What to Do and Not Do with Your Estate Planning Documents
Creating and executing an estate plan is a process that requires thought and consideration. You must identify the beneficiaries who are going to inherit the assets that you worked a lifetime to acquire, how your beneficiaries are going to receive those assets, and whom to entrust to make decisions on your behalf in the event of incapacity. Once your estate planning documents are created and executed, many clients believe the estate planning process is completed. But, what is often overlooked is where your estate planning documents should be stored.
At Pierro, Connor & Strauss, LLC, we recommend that clients have the following four documents: health care proxy, power of attorney, disposition of remains appointment, and will. A trust can also be useful to avoid probate and to manage your assets both during life and after death. Once you have all these essential estate planning documents, you need to make sure that they are stored properly so that the people you select as your agents and personal representative have access to them.
Store the Documents Properly
Your estate planning documents should be stored in a safe, secure location. If you have a will, you should inform your personal representative (also called an executor), the person you appoint to handle your estate’s affairs after your passing, of where your will is located as well as the name of the law firm that drafted the will. It is common for law firms to store clients’ original signed documents, especially a will. If you want to keep your estate planning documents at home, you should use a waterproof and fireproof safe. We strongly recommend informing your agents and personal representative of the location of safe as well as providing them with the code or location of the key so that they can access the documents when necessary. If you don’t trust your agents with this information, you should select different agents!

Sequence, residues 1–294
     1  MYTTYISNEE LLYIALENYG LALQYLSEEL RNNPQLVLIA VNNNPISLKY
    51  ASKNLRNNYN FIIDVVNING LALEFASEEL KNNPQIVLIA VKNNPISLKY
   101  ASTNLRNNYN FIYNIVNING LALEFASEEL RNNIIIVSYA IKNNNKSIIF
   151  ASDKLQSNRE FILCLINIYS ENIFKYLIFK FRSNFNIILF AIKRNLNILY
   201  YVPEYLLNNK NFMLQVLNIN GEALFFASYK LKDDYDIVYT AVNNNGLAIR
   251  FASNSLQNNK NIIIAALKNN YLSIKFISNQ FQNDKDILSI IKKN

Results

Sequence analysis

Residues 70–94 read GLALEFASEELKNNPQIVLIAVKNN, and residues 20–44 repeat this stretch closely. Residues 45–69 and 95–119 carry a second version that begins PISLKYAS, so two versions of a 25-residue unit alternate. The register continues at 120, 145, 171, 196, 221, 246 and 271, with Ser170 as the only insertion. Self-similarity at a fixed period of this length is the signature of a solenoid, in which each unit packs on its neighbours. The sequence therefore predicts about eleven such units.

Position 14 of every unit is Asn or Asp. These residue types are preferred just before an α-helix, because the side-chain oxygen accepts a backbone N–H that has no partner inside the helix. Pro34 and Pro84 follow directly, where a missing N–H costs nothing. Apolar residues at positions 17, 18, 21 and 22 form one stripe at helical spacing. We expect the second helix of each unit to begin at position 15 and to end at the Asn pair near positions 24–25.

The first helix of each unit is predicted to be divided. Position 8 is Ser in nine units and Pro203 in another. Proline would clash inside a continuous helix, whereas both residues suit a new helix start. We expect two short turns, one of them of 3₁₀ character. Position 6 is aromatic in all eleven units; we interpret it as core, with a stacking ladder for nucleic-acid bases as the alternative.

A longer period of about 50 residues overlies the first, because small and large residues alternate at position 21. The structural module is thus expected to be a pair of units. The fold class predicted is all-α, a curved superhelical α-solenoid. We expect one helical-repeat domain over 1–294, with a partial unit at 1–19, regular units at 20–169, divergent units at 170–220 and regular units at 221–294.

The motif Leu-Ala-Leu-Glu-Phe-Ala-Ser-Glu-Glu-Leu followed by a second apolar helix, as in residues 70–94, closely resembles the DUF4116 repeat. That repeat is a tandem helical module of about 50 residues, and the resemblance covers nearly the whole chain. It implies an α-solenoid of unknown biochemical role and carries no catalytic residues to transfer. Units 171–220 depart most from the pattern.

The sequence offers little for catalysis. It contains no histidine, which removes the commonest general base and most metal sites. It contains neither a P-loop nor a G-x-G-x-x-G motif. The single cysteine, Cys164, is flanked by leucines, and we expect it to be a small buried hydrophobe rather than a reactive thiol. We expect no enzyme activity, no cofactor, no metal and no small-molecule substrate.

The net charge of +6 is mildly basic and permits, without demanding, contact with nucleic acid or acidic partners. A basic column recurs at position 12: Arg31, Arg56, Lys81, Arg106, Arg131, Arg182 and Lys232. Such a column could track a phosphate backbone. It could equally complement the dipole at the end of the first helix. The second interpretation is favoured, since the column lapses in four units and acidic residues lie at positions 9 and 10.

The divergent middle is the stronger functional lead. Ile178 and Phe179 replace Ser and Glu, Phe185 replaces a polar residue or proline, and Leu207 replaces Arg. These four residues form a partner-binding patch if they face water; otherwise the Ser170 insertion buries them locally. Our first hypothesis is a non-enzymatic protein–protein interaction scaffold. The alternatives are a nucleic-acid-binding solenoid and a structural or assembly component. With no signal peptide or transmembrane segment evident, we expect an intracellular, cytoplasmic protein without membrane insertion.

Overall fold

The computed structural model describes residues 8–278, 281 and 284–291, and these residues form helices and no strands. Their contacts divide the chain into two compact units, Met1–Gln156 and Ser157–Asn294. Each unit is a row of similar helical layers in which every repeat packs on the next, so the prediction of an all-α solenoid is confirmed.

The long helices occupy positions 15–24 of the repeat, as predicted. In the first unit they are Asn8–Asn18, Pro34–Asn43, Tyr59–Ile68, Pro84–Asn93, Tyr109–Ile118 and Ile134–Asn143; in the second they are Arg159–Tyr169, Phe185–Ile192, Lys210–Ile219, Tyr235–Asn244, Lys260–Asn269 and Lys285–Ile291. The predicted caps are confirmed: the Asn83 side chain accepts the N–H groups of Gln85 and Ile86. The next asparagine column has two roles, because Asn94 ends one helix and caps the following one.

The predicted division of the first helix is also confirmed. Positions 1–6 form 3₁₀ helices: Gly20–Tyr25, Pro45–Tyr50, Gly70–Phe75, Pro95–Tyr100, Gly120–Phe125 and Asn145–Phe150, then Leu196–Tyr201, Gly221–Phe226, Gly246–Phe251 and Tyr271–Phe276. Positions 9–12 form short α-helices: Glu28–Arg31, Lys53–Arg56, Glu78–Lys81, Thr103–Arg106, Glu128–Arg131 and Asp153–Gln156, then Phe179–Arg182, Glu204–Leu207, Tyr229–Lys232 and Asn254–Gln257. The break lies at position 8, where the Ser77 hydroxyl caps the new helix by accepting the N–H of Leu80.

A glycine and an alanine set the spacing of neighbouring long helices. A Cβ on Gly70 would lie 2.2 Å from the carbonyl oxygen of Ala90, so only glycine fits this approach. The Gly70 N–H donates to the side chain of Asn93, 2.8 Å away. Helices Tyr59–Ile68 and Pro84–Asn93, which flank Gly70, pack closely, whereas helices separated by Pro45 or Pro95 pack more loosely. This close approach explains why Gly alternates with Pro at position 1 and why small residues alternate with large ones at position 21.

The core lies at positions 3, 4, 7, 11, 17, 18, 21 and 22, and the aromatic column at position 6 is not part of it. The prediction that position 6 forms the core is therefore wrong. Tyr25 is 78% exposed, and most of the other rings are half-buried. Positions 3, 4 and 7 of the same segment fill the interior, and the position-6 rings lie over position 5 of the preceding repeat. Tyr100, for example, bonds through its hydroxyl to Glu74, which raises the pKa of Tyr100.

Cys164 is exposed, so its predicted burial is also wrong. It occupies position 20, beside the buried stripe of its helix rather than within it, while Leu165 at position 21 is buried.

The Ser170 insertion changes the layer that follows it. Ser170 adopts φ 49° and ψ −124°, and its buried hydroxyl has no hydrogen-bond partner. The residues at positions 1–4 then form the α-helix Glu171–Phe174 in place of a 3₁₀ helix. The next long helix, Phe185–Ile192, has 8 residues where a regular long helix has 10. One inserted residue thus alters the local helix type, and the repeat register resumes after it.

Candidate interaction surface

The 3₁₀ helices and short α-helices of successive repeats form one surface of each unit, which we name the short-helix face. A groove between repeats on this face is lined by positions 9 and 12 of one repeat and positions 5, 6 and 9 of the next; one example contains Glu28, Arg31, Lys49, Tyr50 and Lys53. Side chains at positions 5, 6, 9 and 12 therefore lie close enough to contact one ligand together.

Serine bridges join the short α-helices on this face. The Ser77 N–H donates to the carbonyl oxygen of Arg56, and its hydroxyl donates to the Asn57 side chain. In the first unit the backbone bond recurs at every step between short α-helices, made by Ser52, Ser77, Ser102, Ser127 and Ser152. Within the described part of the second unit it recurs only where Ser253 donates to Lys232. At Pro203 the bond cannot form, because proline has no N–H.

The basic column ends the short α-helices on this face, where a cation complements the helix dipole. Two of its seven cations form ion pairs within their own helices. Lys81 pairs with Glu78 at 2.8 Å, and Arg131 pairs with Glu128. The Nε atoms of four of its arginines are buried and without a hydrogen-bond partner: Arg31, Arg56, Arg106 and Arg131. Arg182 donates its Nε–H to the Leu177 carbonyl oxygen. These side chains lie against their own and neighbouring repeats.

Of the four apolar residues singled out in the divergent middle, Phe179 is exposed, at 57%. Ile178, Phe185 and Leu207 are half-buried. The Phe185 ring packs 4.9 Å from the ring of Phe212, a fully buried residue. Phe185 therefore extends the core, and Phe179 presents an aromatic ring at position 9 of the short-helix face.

Despite popular belief, using a safe deposit box in a bank is not a good choice for storing your estate planning documents. For example, the personal representative often needs an original will to access the safe deposit box which, upon the principal’s death, is locked. Further, an agent under a health care proxy would have no authority to access the principal’s safe deposit box, even if the agent was only trying to obtain the principal’s health care proxy. If you do use a safe deposit box, you may want to have a joint owner on the account to allow the other owner to access those documents.
Spread the Word
As noted above, it is critical that you tell your personal representative and agents of your health care proxy, power of attorney, and disposition of remains appointment where the documents are located so that your personal representative and/or agents can easily access them when needed. If your personal representative or agents do not know they have been appointed or where the documents are located, they will be unable to perform the role that you assigned to them.
You should also talk to your agents under a power of attorney, health care proxy, and disposition of remains appointment about what you want if you are unable to communicate your wishes yourself, such as whether you want: (i) to make certain changes to your estate plan if you need home health aides, (ii) life-prolonging medical treatment when recovery is unlikely, and (iii) to be cremated or have a burial service upon your death. Detailing your wishes ahead of time will enable your agents to execute your wishes. You may want to give your agents copies of your documents, especially your health care proxy so that your health care decisions can be made in accordance with your instructions rather than what the agent thinks is best.
Containing estate planning documents that have been superseded could create confusion among family members and lead to litigation. We recommend to our clients that they destroy any estate planning documents that are no longer valid.
In addition, do not write on your current documents. If you want to make a change, contact your attorney to formally change the document. Handwritten additions are usually not valid and could raise questions about the document.
If you have questions about what to do with your own estate documents, please call our experienced estate planning lawyers at 1-866-951-PLAN and we’ll be happy to offer guidance.